I have rarely met a person who loves golf who is not interested in golf-course design. Often this interest is subconscious, but given a chance it will surely surface. Make a comment about a hole at his golf club to any member who can break 90 and almost certainly you will provoke conversation, if not debate. Maybe he never knew he had a point of view, but the moment you offer yours he'll respond, usually with a strong opinion. Frequently you will discover a fellow who has a mental master plan for improving not only every hole on his own layout and all the courses within a 20-mile radius, but also Pebble Beach, Pine Valley and the Old Course at St. Andrews.
My interest in course design began years ago. As far back as I can remember I have preferred outdoors to indoors and natural things to manufactured things. The main reason golf appealed to me so much as a kid was that I could do it by myself, without the dependence on other people that most sports involve, but the appeal of the course itself was also a major factor. A golf course—in those days, any golf course—was simply a marvelous place to be, a constant source of pleasure and contentment quite apart from the actual playing of the game.
From that simple starting point I became more and more intrigued, as my game improved, by the way in which the elements that make up a course determine the type and quality of shots a golfer is called upon to play. I became (and remain) fascinated with the effects of grass, trees, water, sand and the shape and texture of the land itself in determining shotmaking values. Seeking to understand each new hole I encountered, I would try to put myself in the mind of the architect, try to figure out why he had done, or perhaps been forced to do, particular things in particular ways. Inevitably this intense observation improved my strategic approach to shotmaking, which led to better scoring, which encouraged me to develop an ultra-analytical approach to the game as a competitive tool. It also led to a lot of second-guessing and to the conviction that there were many more inferior golf holes in the world than there were great ones. I was anxious to go to work with a bulldozer years before I ever got around to offering anyone an opinion on a design factor.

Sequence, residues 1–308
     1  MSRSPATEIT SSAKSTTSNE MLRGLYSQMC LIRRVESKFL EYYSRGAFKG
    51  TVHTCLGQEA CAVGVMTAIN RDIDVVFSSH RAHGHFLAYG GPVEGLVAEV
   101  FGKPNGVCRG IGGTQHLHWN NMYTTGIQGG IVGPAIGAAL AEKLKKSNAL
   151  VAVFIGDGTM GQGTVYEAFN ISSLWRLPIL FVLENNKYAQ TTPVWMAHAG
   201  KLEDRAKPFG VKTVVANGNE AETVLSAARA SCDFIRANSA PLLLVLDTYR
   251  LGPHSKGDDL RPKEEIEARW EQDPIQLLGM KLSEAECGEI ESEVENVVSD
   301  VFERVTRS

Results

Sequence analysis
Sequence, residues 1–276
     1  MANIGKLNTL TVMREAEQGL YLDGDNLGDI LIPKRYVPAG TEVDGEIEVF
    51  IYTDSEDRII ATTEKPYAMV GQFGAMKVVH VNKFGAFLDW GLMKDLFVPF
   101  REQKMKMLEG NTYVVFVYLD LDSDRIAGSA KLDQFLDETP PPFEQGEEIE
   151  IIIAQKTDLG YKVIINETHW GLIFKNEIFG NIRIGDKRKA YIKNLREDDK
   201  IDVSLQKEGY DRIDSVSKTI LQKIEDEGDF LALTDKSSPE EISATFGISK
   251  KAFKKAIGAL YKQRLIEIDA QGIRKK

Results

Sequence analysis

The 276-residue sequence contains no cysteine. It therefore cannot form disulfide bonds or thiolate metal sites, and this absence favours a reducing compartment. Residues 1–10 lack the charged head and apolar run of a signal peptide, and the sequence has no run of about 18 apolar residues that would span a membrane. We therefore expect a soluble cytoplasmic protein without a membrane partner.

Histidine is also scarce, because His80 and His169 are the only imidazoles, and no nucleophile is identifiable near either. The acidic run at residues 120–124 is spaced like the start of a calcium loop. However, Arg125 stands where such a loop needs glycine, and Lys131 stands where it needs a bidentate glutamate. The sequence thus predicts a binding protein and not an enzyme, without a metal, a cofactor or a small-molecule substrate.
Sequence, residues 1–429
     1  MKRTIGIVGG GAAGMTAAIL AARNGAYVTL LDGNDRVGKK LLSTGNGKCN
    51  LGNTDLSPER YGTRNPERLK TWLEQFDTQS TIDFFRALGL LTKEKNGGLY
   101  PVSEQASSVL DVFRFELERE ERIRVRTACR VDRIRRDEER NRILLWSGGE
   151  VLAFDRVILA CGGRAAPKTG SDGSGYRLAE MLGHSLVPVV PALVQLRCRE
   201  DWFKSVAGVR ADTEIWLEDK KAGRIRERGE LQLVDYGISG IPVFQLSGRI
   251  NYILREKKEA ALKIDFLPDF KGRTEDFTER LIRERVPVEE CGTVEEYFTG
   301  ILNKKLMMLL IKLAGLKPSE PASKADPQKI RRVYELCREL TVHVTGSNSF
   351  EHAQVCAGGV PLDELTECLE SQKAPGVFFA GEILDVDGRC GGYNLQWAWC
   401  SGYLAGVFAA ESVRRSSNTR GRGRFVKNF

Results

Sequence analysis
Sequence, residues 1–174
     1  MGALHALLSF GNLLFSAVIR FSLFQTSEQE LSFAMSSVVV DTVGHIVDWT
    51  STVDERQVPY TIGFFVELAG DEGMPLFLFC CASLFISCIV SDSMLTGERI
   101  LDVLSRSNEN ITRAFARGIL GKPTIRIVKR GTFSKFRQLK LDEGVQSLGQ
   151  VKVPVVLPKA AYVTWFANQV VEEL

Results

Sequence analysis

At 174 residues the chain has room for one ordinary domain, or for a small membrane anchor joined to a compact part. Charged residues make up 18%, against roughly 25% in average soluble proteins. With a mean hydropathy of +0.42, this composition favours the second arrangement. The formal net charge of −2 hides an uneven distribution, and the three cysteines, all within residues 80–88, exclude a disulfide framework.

Thus my development as a player made it more or less inevitable that eventually I would become involved in course design at some level. The way things have worked out, I am now, at 34, in it up to my neck, spending just about as much time and effort designing courses as playing them, and I am anxious to make course design a lifelong career. Why has this happened, at a time when, theoretically, I am just approaching the peak of my playing career? The answer is simple: it turns me on. I enjoy it. It may be immodest of me, but I think I have something to contribute. I think I can become a good golf-course designer and I enjoy being involved in things that I do well.
The more complex answer, probably the real driving force, has to do with intellectual challenge and fulfillment. As time has passed I've experienced a restlessness that is curbed less and less by winning golf championships, one that is satisfied only by the kind of mental and emotional effort required to create and orchestrate things. Certainly I am not unfulfilled by my competitive achievements, and my playing career is not over. But perhaps I also need to do something with more permanence if I am to find that ultimate inner satisfaction we all privately strive toward. In brief, I guess I am more artistic than I thought.